Aug 25, 2009

Preeliminary survey results of ICT use by social movements in Pittsburgh - update

A month ago I released the preliminary results with ~10% response rate and promised that I'll release new results when we cross magical numbers of ~20% and (target) ~30%. Now we are midway at ~20% and hence I'd like to update you the new insights gained from the survey.

Before I go into the numbers, first, an interesting observation that comes from some interviews / phone conversations I recently had with some of the respondents. Many do not consider their organization a part of a "social movement" - yet at the same time they are happy to be listed as a group for "social justice and change" on TMC website. This shows that there is an interesting difference between academic (ivory tower...) definition of what a social movement is, and what an average person (activist...) thinks of it. Plus, from the academic perspective, there is the problem of blurry boundaries - some organizations may be seen as not part of the movement itself, but rather, of the allied "movement community", which can be best understood as the attitude "we are not activists, but we broadly support them". And since in real life it is often difficult to distinguish where the movement stops and the community begins, it is understandable that my survey will reach both spectrums - which I think is fine, as community organizations are no less important (if less showcased) than the movement ones. So if you are not sure if your organization is part of the movement, you can rest assured that as long as you are fine with being listed on TMC list, you are part of the larger community that I am interested in :)

Now, back to business. With the response rate doubling, what has changed?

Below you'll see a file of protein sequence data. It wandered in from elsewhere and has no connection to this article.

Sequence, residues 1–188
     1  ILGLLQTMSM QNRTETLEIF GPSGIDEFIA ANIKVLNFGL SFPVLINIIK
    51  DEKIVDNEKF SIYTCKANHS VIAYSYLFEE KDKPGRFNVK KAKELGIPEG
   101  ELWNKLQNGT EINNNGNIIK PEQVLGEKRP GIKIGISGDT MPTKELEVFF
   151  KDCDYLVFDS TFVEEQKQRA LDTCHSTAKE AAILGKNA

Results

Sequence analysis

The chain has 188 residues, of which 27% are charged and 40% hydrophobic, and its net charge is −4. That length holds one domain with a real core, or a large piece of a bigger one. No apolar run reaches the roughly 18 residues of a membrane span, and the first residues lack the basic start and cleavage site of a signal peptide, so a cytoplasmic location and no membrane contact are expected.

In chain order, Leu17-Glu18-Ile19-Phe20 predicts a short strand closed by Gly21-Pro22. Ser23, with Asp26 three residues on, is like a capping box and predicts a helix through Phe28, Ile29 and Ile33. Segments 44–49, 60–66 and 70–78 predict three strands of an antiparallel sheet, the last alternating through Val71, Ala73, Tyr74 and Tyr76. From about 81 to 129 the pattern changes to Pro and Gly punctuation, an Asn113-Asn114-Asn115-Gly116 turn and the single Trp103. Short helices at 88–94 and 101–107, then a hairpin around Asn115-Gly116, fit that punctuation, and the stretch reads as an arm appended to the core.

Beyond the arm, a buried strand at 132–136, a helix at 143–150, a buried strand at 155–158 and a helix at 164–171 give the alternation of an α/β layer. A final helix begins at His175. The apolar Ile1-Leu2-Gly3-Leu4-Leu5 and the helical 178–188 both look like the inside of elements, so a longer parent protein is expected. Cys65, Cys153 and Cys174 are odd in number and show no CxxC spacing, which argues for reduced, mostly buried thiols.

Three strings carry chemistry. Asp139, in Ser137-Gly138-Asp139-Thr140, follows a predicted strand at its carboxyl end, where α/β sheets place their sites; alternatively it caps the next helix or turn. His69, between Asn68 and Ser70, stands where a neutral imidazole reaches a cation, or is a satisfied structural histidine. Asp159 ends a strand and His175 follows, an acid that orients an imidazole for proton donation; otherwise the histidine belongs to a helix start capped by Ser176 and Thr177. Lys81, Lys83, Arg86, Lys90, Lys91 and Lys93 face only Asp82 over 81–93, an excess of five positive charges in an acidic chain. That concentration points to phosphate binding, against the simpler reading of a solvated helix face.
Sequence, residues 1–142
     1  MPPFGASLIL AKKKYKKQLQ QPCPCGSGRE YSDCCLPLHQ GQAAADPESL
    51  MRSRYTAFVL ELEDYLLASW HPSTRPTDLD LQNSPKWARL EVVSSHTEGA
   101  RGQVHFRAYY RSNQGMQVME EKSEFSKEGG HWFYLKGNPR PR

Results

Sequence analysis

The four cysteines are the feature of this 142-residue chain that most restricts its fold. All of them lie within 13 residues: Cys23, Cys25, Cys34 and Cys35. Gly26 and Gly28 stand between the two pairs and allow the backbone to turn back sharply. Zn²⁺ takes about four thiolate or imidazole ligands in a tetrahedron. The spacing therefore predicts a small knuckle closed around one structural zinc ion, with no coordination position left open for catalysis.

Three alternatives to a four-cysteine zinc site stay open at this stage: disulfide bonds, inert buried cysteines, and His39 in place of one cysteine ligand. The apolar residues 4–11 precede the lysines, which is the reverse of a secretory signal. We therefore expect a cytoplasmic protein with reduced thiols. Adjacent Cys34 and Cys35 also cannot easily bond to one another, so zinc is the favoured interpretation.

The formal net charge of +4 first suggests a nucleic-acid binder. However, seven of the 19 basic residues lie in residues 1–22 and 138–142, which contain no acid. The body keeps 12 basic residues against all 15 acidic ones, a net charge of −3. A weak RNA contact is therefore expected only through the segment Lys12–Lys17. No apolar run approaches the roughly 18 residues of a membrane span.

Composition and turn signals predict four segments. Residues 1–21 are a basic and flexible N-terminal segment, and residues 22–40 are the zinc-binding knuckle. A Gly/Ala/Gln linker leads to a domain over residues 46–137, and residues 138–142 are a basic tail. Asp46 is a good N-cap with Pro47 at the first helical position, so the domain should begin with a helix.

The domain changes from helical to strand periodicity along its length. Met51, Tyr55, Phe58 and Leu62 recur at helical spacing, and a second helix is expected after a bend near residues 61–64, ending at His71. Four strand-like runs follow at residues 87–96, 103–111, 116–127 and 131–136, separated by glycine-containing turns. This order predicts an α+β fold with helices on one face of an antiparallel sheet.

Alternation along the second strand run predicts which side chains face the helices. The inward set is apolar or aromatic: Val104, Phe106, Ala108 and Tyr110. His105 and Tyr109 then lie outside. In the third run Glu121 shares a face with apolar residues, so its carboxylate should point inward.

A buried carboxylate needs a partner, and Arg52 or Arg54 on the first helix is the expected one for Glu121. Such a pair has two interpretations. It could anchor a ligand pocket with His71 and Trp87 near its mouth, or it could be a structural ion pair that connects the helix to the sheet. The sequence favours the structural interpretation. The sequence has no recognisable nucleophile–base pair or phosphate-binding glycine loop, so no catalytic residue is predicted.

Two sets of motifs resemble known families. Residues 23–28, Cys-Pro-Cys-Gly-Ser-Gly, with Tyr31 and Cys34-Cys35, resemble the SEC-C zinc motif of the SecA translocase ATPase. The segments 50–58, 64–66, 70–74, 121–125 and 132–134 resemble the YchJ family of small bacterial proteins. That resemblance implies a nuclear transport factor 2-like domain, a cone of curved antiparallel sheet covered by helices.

* a few newer organizations have replied (out of 19 respondents, 3 are in the "our organization is 2 years or younger group", and 16 are in "our organization is 5 years or older group")
* as for areas of focus, environment (9 respondents), health (7) and community and social services (7) are still among the most popular, but have been joined by education (7) and human rights (7).
* so what's unimportant? Culture (4), intellectual property / free culture (6), Internet / network neutrality / digital divide (6) and religion (4) were all selected but ranked only in the third tier ("Least important" - but still important enough to be ranked as third), and
economy / promoting business / labor / trade and commerce (6) is in the middle tier
* ~75% of organizations indicate they have non-members (supporters) who participate in their organization activities, about half have non-members who recruit others for the organization
* at this point, for every new innovative technology I suggest (from blogs through video-sharing sites, wikis to Twitter) there are respondents who indicate their organization finds it useful for something.

For the results to be considered reliable for academic research, a responce ratio of 30% is needed (which translates in ~10 more people taking the survey). Hopefully, in about a month, I'll be able to report that the local survey is done, and move on to my second stage - the international survey.

It is my hope that once the results are fully analyzed, you'll be able to look at what your peers are doing, and thus find some helpful solutions and strategies to benefit your organization.

Thanks to all that took the survey, and to those that will take it - a few minutes of your time greatly contributes to our understanding of how organizations desiring social change are using the tools of the Digital Age.

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